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Land Price Caution Warranted


The robust farm economy, particularly for crop producers, is having spillover effects through rural America, says Jason Henderson, vice president of the Federal Reserve Bank of Kansas City.

 He reports that nonmetropolitan unemployment is running lower than that in metropolitan areas, and farmers are boosting local economies through purchases of everything from grain bins to office furniture. Combine sales are running at 10,000/month compared with the historical average of 6,000/month.

Farmers remain the driving force behind farmland purchases, he adds, still accounting for about 75% of deals. "Investors are bidding, but they generally are still looking for a capitalization rate of 4% – similar to 10-year Treasuries. Once prices get above that level, farmers are winning the purchases," he says.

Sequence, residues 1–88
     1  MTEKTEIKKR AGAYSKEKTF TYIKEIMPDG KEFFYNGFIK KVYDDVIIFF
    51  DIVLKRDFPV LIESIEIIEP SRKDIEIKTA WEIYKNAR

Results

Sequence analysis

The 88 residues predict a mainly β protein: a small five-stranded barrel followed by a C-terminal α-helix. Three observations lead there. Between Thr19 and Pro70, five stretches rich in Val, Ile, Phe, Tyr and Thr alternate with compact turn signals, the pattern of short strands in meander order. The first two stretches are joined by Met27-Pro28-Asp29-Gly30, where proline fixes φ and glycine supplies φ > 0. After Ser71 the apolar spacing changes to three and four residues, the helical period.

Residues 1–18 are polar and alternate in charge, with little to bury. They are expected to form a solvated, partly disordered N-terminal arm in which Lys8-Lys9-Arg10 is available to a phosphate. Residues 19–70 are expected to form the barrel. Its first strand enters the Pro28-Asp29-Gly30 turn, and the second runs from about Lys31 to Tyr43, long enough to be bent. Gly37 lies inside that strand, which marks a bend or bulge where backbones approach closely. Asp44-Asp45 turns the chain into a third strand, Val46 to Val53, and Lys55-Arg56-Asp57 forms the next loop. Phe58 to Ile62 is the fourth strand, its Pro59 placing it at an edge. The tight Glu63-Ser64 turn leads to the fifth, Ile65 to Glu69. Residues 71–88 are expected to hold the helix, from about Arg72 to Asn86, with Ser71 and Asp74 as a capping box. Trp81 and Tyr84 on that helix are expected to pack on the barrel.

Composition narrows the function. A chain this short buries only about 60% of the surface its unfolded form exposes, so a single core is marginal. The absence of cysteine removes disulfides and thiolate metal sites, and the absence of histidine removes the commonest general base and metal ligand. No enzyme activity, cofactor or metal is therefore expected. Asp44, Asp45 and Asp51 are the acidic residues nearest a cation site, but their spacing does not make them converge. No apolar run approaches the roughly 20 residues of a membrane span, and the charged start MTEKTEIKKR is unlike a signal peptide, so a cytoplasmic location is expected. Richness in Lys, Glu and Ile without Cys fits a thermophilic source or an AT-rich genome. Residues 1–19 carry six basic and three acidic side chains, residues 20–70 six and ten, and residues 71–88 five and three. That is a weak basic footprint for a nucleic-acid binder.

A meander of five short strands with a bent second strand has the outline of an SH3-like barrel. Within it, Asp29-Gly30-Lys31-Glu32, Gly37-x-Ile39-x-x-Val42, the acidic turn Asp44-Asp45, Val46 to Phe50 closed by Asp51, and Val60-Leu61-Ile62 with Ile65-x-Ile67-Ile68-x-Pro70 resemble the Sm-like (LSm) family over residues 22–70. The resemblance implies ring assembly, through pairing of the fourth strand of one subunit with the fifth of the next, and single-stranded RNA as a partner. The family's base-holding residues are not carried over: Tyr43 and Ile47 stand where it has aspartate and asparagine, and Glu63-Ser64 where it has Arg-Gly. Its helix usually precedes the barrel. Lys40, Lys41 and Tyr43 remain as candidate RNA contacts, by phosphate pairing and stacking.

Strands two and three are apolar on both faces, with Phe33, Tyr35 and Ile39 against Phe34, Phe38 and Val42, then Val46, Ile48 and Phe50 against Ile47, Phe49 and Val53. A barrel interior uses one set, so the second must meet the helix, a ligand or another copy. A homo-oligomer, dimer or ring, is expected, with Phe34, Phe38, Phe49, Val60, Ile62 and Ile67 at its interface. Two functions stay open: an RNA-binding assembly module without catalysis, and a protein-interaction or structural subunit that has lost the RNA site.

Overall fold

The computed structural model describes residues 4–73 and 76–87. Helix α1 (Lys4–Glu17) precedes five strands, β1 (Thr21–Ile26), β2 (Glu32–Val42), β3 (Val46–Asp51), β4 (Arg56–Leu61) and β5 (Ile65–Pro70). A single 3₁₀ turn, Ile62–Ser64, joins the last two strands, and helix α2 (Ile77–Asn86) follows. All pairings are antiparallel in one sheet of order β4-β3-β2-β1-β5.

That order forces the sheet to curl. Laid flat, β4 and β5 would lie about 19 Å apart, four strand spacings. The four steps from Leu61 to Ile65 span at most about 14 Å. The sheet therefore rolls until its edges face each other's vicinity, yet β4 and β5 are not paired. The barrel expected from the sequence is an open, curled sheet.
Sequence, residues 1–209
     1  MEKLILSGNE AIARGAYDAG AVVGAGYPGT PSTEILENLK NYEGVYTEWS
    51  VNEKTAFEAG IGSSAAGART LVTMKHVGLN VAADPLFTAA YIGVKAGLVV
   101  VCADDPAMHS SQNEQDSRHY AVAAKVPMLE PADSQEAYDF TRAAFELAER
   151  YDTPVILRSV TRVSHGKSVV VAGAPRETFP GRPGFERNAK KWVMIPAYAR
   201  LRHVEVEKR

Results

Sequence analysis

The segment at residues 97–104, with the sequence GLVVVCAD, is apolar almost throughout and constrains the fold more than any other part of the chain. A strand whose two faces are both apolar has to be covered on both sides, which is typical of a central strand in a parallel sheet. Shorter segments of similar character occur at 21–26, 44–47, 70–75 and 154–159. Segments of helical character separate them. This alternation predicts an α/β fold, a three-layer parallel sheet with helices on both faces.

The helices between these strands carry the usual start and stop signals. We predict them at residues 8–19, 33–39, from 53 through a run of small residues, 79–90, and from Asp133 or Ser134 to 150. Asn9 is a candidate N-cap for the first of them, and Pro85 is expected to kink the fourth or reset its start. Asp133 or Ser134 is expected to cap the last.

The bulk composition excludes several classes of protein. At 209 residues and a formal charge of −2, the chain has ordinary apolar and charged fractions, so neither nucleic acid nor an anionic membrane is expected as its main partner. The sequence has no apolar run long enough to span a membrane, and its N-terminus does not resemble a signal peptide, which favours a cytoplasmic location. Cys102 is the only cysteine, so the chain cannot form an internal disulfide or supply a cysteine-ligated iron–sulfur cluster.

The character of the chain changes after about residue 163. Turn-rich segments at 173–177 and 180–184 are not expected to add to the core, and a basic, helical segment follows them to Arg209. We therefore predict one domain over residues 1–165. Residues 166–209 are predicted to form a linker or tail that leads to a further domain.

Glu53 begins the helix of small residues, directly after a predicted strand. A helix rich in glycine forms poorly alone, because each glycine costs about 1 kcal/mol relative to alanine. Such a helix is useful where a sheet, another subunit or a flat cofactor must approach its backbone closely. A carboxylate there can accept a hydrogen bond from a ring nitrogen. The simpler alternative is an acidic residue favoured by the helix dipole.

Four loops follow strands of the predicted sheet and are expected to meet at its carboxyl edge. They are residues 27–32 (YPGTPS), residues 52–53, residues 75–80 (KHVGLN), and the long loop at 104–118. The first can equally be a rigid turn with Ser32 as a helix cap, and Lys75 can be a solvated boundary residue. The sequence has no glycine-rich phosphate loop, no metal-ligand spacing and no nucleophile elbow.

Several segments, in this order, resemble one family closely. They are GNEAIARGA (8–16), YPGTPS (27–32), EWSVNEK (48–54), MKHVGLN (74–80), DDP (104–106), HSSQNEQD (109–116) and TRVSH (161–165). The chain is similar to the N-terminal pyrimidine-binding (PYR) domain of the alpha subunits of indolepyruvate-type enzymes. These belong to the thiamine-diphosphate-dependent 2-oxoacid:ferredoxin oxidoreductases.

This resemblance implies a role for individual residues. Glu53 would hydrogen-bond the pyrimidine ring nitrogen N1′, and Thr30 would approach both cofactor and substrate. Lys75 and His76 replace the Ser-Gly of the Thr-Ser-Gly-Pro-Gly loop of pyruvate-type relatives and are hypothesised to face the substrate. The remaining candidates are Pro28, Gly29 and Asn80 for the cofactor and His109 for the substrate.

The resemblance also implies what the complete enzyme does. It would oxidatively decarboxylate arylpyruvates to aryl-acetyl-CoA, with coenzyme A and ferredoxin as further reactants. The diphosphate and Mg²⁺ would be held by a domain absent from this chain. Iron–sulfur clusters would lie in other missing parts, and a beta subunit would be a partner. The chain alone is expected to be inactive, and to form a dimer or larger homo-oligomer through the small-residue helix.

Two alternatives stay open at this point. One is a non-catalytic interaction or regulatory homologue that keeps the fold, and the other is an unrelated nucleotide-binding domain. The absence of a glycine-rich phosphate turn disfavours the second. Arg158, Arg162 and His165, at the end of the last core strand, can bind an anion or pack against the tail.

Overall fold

"From Nebraska to northern Indiana, farmland prices are rising 25-40% year over year, and setting records in many locations," according to Henderson. "In the southern part of the Nebraska Sand Hills, some land is being tilled for the first time in many years and trees are being removed."

It is not surprising that farmers are buying more land given low interest rates and recent profits, says Brent Gloy, Purdue University agricultural economist.

"But there is substantial risk at this time, including interest rates, possible temptation to use leverage, and supply responses to higher priced production," he says. Gloy also notes that historically strong exports have been related with rising land prices – and when exports stop growing, land has typically stopped rising. "There is still room for higher land prices based on current fundamentals, but caution certainly is needed."

Farmland price increases include:










S. Dakota




Editor’s note: Richard Brock, Corn & Soybean Digest's marketing editor, is president of Brock Associates, a farm market advisory firm, and publisher of The Brock Report.

TAGS: Management
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